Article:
A: Now, in my shallow rifled 45/70 I think I'm seeing a similar effect especially in colder weather. Slugs a thou over groove are making oval holes-- the UN-sized slugs yesterday made for all intensive purposes round holes-- at least comparing to the 4575's [1 thou over] at 300.
F: You didn't say how large the as-cast bullets were in this shooting: 0.459? Also of interest in this accuracy/stability question is the possible effect of fillers and card wads (if used). These may potentially cause erratic exit of bullets from the muzzle.
Also, the load itself may be suspect: The loss of accuracy, showing up as out-of-round holes, may be caused by something else than instability..
The question of lube performance in cold weather is something I've encountered as well. Depending on the lube used things can really get quite different as temperatures decrease. Now, I shoot mainly the 50/50 alox lube to keep my life as simple as possible. This type lube showes rather marked decrease in performance (protection) as the temperature of the ammunition goes below freezing. It gives all the signs of "lube failure"; showing lead wash near the muzzle and, if continued, accuracy falls off.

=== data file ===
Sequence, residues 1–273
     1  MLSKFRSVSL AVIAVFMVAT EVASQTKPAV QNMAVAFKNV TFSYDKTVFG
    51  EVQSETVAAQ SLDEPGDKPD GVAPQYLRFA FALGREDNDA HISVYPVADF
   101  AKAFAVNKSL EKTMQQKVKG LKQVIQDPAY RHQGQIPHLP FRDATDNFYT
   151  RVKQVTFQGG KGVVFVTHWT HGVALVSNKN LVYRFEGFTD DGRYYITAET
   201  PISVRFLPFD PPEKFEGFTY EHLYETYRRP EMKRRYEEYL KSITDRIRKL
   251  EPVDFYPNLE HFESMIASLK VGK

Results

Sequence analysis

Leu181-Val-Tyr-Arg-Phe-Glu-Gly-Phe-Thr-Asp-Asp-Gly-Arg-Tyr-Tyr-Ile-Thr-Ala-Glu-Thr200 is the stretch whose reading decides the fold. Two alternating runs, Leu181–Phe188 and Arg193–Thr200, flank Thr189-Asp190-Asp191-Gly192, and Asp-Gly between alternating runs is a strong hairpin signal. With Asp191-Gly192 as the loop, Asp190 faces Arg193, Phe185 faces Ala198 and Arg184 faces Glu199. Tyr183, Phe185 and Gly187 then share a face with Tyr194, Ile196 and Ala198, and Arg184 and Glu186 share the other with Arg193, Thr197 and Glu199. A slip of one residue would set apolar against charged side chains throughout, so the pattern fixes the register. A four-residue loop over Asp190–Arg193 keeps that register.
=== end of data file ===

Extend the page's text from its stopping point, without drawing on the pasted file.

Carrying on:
I have not looked closely at the holes aquired during this sort of shooting mainly because I just quit going shooting when the temperatures go below 20 degrees or so. Not that it is too cold to shoot at 20 or less, it isn't, but I refuse to make the effort needed to work up loads for specific temperatures!
A: I have a target picture of a comparison between two lubes-- all other factors the same..
F: I'm sure you see the way I'm headed: I'm not convinced that you're looking at perfomance changes due to loss of stability. I think other differences due to changes in internal balistics is the place to look.
The aerodynamic and gyroscopic factors associated with bullets in flight shouldn't be affected by anything that happens within the barrel (other than spin itself).
The amount of yaw may be measured (estimated really) by knowing that a 1 degree angle becomes 0.017" difference at one inch. Thus, a bullet one inch long printing out-of-round by 0.034 is showing one degree of yaw. This is an estimate only because bullets do not have square corners and measuring the holes becomes somewhat uncertain.
|one of us|